Did you or a loved one suffer hearing loss or develop tinnitus after serving in the US military between 2003 and 2015? You may be eligible to secure significant financial compensation.
While this litigation is currently closed, learn more about a Remmington 700 Lawsuit from our team of attorneys.
Were you or a loved one an active service member in the US infantry between 2003 and 2015? Were you deployed to a US war zone? Did you serve in Iraq and Afghanistan? Do you suffer from partial or full hearing loss, tinnitus or other hearing issues?
If you answered ‘yes’ to these questions, you may be the victim of fraud. Think back to your time in the military. Were you issued a pair of earplugs? Those earplugs were manufactured by 3M, and there’s substantial evidence that they were defective. In point of fact, 3M recently settled a massive whistleblower lawsuit filed over those earplugs for $9.1 million.
The earplugs you received as a service member in Iraq or Afghanistan are called Dual-Ended Combat Arms Earplugs, Version 2, or CAEv2. The model in question features a dual design, with one side being yellow and the other black. When inserted, the yellow side allows the wearer to hear low-level sounds. The black side attempts to block all sound.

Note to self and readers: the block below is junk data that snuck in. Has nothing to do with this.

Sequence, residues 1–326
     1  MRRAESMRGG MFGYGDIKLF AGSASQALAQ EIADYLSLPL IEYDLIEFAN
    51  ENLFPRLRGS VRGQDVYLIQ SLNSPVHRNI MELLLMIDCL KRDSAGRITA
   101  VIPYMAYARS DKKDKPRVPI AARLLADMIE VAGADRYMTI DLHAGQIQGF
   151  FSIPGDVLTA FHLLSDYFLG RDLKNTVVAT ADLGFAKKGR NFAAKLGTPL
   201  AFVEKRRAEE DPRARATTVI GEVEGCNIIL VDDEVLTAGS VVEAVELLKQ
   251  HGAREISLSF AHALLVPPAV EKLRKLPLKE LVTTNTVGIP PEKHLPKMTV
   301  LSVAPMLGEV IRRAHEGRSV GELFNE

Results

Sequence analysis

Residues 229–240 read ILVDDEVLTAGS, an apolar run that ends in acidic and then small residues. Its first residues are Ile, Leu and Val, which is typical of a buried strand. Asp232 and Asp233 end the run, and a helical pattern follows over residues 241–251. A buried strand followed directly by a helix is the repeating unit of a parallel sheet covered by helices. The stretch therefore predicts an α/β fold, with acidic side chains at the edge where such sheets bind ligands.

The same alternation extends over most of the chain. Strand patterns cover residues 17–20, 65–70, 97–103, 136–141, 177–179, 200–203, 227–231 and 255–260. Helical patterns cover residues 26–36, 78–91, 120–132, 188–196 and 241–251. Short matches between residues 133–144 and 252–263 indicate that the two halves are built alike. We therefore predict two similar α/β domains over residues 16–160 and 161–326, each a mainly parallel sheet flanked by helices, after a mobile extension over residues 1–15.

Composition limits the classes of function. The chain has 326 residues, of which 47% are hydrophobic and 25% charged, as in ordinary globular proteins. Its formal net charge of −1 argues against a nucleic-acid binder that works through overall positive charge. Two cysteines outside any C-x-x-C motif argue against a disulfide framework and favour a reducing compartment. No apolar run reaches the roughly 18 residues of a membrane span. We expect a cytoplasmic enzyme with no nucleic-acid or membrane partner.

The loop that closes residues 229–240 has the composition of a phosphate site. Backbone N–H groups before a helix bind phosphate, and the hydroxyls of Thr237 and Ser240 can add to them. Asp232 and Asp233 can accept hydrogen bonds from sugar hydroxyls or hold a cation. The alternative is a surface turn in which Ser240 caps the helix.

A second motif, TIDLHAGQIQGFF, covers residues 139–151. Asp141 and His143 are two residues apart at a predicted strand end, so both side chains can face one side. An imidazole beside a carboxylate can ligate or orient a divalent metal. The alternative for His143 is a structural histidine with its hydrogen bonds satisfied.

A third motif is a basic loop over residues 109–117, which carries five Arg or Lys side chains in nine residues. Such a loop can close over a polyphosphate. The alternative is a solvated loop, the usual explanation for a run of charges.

The CAEv2 was developed by a company called Aearo Technologies, which was purchased by 3M in 2008 for $1.2 billion dollars. These earplugs were manufactured only for the US military, after Aearo Technologies signed an exclusive contract through the Defense Logistics Agency and became the sole supplier of selective attenuation earplugs to the US military.
Between 2003 and 2015, 3M and Aearo Technologies supplied around 2.2 million pairs of earplugs to the US military for use in Iraq and Afghanistan. The earplugs were widely used in war zones; servicemen and women relied on them to protect their hearing.
Now, there is substantial evidence that those earplugs were defective. As alleged in a recent whistleblower lawsuit, the CAEv2 earplugs may be too short to adequately protect the hearing of users. These allegations, backed by the US Department of Justice, continue to claim that the CAEv2 earplug was designed too short for proper insertion, and may come loose inside the ear, failing to protect the user’s hearing.
There are also claims that 3M and Aearo Technologies were aware of these defects, but did nothing to warn the US military, Military Times reports. In fact, attorneys say Aearo Technologies knew about the earplug’s deficiencies as early as 2000.
Allegations of wrongdoing only emerged in 2016, when 3M competitor and ear plug manufacturer Moldex Metric filed a whistleblower lawsuit in federal court, accusing 3M of selling the US military defective earplugs and knowing about it. In court documents, Moldex Metric’s attorneys argued that 3M knew about material defects that decreased the effectiveness of the ear plugs, but failed to disclose these facts to the military.